After a disaster some people want to do more than just send money, they want to share their time, knowledge and expertise to provide potentially far more valuable assistance than just $10. This weekend, volunteer hackers and technologists convened at CrisisCamps in over 10 cities and virtually online to assist in developing tools to assist the ongoing response and recovery for people affected by Hurricane Sandy. Driven by requests for help from citizens as well as traditional response organizations it is clear that there is a shift into new capabilities for remotely helping in disasters.
Collaborating in realtime over Skype, IRC, Wiki, Hackpad, and likely more these volunteers in collaboration with HurricaneHackers worked on over a dozen projects to assist people in finding &reporting open gas stations, identify building damage, room sharing, getting kids back to school, and a lot more you can read about on the wiki. For the more visually inclined, Willow from Geeks Without Bounds made a great summary Prezi presentation.
What fascinates me about FEMA/Whitehouse work this weekend is that it was a given that a solution be crowdsourced. We’ve come a long way.
— Di-Ann Eisnor (@DiAnnEisnor) November 5, 2012
On Saturday I had the opportunity to visit the FEMA National Response Coordination Center (NRCC) and work directly with people from FEMA, the White House, and Red Cross. In particular I became involved in the problem where gas stations around New Jersey and New York have been running low or out of fuel and citizens currently cannot find where to get gas near their location or what they can expect to pay. This data should be available from the companies, and indeed HESS is a model that is openly publishing their fuel inventory data.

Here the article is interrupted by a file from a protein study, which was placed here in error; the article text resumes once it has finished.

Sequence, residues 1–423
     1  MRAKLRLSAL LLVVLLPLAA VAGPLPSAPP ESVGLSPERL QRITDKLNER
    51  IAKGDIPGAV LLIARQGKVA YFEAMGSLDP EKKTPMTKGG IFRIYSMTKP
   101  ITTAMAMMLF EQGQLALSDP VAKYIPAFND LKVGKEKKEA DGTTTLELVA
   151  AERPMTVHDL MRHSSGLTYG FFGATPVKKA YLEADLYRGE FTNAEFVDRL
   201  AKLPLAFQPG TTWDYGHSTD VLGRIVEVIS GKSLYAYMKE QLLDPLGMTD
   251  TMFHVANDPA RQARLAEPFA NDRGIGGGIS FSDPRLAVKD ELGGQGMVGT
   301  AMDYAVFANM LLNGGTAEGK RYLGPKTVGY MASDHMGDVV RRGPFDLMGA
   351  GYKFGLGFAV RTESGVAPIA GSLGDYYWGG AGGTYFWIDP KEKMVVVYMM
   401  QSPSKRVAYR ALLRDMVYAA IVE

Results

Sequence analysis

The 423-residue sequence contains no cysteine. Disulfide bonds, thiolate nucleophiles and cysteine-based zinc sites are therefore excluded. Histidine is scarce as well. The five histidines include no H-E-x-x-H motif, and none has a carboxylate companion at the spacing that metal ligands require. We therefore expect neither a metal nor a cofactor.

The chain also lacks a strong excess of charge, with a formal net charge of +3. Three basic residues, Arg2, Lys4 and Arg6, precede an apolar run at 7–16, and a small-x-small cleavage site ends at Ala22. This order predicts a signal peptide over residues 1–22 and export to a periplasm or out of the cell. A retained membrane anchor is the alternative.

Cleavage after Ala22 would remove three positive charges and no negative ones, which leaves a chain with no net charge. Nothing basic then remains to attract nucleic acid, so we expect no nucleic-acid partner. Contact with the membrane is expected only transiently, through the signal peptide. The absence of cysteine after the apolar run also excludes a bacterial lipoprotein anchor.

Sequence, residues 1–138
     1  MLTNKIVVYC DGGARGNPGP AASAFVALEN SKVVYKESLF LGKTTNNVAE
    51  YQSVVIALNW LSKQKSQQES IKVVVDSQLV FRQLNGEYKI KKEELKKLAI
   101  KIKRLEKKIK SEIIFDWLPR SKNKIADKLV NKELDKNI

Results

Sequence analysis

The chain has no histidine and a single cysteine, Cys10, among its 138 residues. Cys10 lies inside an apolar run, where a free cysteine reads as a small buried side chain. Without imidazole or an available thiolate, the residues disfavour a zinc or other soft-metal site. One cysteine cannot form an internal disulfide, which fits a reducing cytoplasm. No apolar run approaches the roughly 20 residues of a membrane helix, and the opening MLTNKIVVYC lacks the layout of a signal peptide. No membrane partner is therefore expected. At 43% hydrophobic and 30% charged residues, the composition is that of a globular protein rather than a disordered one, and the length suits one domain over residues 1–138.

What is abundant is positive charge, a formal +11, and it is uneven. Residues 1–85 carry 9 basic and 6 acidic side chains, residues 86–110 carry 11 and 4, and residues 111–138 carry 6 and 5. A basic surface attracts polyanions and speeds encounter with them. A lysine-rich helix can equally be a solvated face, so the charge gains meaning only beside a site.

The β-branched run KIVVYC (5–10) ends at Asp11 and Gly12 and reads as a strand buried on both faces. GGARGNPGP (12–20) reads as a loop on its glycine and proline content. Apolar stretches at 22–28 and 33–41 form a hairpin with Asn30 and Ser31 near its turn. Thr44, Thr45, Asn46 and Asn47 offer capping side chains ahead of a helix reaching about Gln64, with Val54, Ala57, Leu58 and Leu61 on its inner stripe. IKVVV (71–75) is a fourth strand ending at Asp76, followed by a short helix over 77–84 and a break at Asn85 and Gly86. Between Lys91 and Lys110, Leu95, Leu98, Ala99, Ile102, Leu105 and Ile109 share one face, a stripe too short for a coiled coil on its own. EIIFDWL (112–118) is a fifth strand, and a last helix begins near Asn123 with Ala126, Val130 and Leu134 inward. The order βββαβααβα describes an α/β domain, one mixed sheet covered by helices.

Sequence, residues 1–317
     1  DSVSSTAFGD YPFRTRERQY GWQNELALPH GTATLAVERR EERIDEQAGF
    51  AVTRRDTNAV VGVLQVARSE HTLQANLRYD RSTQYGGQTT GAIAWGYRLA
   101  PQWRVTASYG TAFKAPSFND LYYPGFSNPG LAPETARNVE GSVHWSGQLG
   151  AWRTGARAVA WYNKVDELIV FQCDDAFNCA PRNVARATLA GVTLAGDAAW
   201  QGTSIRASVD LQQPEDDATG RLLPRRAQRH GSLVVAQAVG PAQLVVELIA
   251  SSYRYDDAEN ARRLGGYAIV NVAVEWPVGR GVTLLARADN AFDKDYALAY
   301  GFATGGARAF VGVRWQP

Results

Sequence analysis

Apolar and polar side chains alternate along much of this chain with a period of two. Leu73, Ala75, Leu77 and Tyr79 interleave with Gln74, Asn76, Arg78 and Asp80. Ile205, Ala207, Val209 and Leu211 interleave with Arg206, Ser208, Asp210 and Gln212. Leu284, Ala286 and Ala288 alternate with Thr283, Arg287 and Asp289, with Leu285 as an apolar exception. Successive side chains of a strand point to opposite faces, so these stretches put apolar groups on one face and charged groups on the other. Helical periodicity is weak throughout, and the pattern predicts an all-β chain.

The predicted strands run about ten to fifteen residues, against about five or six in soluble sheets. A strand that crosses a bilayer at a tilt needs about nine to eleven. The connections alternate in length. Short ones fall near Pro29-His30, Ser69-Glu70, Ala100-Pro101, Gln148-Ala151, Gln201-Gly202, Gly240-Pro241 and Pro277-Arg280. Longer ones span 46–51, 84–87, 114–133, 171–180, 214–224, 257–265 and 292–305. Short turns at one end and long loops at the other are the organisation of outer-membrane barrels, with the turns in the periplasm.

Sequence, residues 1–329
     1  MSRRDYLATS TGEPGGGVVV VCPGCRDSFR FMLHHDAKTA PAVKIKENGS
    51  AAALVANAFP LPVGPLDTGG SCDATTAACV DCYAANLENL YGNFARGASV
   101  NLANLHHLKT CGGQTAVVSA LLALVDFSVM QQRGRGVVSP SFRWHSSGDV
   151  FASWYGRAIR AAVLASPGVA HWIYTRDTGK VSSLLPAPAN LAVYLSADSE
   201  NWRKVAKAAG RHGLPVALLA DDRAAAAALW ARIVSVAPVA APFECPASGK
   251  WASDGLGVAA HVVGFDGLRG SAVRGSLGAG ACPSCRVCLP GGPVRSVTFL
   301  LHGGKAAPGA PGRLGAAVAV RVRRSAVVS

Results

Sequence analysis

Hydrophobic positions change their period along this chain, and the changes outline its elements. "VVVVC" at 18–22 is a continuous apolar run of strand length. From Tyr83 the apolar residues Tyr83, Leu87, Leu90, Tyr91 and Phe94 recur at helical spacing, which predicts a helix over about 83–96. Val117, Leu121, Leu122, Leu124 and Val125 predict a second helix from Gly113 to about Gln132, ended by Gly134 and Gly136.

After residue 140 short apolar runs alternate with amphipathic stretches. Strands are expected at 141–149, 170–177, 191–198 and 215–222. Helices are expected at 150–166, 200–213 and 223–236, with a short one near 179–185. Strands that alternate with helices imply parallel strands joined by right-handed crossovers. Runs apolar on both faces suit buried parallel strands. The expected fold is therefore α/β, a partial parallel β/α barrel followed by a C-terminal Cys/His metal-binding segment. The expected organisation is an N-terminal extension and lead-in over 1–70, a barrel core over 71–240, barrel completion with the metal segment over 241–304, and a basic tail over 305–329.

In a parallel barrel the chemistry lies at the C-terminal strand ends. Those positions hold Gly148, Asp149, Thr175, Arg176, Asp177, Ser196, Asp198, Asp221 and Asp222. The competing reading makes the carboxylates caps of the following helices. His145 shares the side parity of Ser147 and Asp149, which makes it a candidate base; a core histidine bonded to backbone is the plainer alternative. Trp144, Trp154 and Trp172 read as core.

What was surprising were other unofficially official sources of data that are from volunteer organizations and users that are more accurate and more up to date than anything that was available through official organizations. All Hazards Consortium is an non-profit that is publishing daily exports of data from the point of sales for about 70% of the fuel stations. This is augmented with data from ImSocio, a group of Youth Community maping group of high school students in Somerset, New Jersey. They are individually calling stations directly and updating the information that is published in an open KML feed and maps.
Together, a non-profit and a group of volunteer high schools students working through the weekend, represented the some of the best up-to-date information that was broadly available. Additional sources of data included social media monitoring of hashtags like #findgas, #njgas, #nygas, mobile web collection interfaces, and communities such as Waze that published their drivers’ ‘chit-chat’ notes about gas station status.
Individuals armed with easily accessible open data and no programming skills can literally publish informative interactive web maps during their lunch break and then send them out to the world via social networks. — Chris Brown
FEMA has made it very clear that they want to enable as much local support and response as possible. They are in the business of coordination and the more that citizens and local organizations can help one another the better the resiliency. The concept of “crowd-sourcing” means as much for on-the-ground scaling as it does for web scale. And the “crowd” is not just full of amateurs, but experts in a variety of domains and experience that are offering tremendous support that can provide meaningful support to affected citizens. There is still a lot of learning. It was clear in discussions at the NRCC that these concepts are new and difficult to accomodate within the traditional response protocols, but there is definitely a desire to evolve and adapt to these new communities.
There will likely be more CrisisCamps coming up in the future that you can join. If you just have a computer and internet connection you can help.